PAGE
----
16 Research Methods for Business SPSS © 2012 John Wiley & Sons Ltd.

17 Research Methods for Business Measure of Overall Fit: R 2 R 2 measures the proportion of the variation in y that is explained by the variation in x. R 2 = total variation – unexplained variation total variation R 2 takes on any value between zero and one: – R 2 = 1: Perfect match between the line and the data points. – R 2 = 0: There is no linear relationship between x and y. © 2012 John Wiley & Sons Ltd.

18 Research Methods for Business SPSS = r(Likelihood to Date, Physical Attractiveness) © 2012 John Wiley & Sons Ltd.

19 Research Methods for Business Model Significance H 0 :  0 =  1 =... =  m = 0 (all parameters are zero) H 1 : Not H 0 © 2012 John Wiley & Sons Ltd.

20 Research Methods for Business Model Significance H 0 :  0 =  1 =... =  m = 0 (all parameters are zero) H 1 : Not H 0 Test statistic (k = # of variables excl. intercept) F = (SS Reg /k) ~ F k, n-1-k (SS e /(n – 1 – k) SS Reg = explained variation by regression SS e = unexplained variation by regression © 2012 John Wiley & Sons Ltd.

21 Research Methods for Business SPSS © 2012 John Wiley & Sons Ltd.

22 Research Methods for Business Parameter significance Testing that a specific parameter is significant (i.e.,  j  0) H 0 :  j = 0 H 1 :  j  0 Test-statistic: t = b j /SE j ~ t n-k-1 with b j = the estimated coefficient for  j SE j = the standard error of b j © 2012 John Wiley & Sons Ltd.

23 Research Methods for Business SPSS cont’d © 2012 John Wiley & Sons Ltd.

24 Research Methods for Business Conceptual Model Physical Attractiveness Likelihood to Date +

25 Research Methods for Business Multiple Regression Analysis We use more than one (metric or non-metric) independent variable to explain variance in a (metric) dependent variable.

26 Research Methods for Business Conceptual Model Perceived Intelligence Physical Attractiveness + + Likelihood to Date

27 Research Methods for Business Research Methods for Business

28 Research Methods for Business Conceptual Model Perceived Intelligence Physical Attractiveness Likelihood to Date Gender + + +

29 Research Methods for Business Moderators Moderator is qualitative (e.g., gender, race, class) or quantitative (e.g., level of reward) that affects the direction and/or strength of the relation between dependent and independent variable Analytical representation Y = ß 0 + ß 1 X 1 + ß 2 X 2 + ß 3 X 1 X 2 with Y = DV X 1 = IV X 2 = Moderator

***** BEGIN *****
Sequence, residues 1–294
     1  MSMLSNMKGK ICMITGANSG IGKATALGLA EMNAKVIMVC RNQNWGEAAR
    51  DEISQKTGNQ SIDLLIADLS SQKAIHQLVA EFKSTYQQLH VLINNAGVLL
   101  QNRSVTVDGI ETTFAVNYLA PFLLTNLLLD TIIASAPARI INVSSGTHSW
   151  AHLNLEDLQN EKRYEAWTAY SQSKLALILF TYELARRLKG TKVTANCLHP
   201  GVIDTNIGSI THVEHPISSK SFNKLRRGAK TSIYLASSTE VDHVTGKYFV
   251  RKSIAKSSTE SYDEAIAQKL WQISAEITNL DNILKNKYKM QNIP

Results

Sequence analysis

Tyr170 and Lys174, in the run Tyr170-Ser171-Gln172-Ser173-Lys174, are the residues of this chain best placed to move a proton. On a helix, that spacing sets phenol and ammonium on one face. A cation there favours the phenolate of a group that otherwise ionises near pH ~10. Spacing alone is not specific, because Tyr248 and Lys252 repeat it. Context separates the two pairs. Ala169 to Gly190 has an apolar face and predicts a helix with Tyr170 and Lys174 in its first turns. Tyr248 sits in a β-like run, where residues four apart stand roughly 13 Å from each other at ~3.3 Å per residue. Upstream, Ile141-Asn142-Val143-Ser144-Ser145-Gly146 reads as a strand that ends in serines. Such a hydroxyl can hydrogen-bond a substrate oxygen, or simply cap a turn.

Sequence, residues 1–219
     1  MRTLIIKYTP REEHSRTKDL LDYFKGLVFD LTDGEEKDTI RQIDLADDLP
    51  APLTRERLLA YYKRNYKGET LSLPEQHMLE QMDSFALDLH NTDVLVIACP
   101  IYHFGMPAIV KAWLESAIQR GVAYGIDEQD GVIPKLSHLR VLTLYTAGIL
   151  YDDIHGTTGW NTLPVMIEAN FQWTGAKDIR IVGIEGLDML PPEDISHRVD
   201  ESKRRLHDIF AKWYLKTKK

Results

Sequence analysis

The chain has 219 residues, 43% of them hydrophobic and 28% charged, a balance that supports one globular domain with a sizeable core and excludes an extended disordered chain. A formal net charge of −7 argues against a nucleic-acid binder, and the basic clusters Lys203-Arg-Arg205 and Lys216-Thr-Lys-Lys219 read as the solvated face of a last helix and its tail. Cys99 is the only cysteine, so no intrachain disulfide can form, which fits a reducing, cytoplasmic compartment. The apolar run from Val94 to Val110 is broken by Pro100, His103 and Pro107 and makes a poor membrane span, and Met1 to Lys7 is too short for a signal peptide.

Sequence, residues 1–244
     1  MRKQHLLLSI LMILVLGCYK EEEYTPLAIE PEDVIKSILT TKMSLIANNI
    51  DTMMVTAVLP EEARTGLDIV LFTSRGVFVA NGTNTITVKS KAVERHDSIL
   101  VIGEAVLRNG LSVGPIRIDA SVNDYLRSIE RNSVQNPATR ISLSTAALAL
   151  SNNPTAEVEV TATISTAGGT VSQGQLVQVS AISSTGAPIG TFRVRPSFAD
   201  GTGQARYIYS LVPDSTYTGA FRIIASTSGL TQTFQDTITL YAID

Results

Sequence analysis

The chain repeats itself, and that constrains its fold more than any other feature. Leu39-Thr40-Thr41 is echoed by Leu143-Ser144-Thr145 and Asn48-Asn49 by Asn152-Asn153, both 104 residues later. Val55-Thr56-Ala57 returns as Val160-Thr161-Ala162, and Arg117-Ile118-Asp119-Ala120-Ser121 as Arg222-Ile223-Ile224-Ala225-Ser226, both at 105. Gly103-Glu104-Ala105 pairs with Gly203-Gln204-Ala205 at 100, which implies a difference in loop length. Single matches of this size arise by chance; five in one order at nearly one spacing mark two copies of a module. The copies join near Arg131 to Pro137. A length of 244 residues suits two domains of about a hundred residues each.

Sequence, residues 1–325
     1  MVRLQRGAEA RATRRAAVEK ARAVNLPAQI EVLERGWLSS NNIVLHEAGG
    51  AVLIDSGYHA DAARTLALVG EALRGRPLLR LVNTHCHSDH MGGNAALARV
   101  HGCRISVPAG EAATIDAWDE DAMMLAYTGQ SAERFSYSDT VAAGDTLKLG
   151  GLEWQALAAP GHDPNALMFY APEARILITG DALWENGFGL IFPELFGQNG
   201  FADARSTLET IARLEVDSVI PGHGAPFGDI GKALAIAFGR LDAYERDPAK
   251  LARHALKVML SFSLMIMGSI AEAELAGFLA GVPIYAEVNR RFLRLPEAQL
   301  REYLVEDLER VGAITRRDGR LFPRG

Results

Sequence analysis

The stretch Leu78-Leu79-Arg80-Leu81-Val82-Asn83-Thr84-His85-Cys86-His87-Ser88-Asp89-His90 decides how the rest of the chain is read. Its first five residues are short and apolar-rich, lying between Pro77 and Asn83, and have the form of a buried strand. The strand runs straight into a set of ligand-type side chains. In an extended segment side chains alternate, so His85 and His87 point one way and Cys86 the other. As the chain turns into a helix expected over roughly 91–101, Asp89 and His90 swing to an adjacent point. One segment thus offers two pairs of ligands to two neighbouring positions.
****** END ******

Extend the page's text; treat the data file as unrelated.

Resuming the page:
30 Research Methods for Business Research Methods for Business

31 Research Methods for Business Research Methods for Business interaction significant effect on dep. var.

32 Research Methods for Business Conceptual Model Perceived Intelligence Physical Attractiveness Communality of Interests Likelihood to Date Gender Perceived Fit

33 Research Methods for Business Mediating/intervening variable Accounts for the relation between the independent and dependent variable Analytical representation 1.Y = ß 0 + ß 1 X => ß 1 is significant 2.M = ß 2 + ß 3 X => ß 3 is significant 3.Y = ß 4 + ß 5 X + ß 6 M => ß 5 is not significant => ß 6 is significant WithY = DV X = IV M = mediator

34 Research Methods for Business Step 1

35 Research Methods for Business Step 1 cont’d significant effect on dep. var.

36 Research Methods for Business Step 2

37 Research Methods for Business Step 2 cont’d significant effect on mediator

38 Research Methods for Business Research Methods for Business Step 3

39 Research Methods for Business Research Methods for Business Step 3 cont’d significant effect of mediator on dep. var. insignificant effect of indep. var on dep. Var.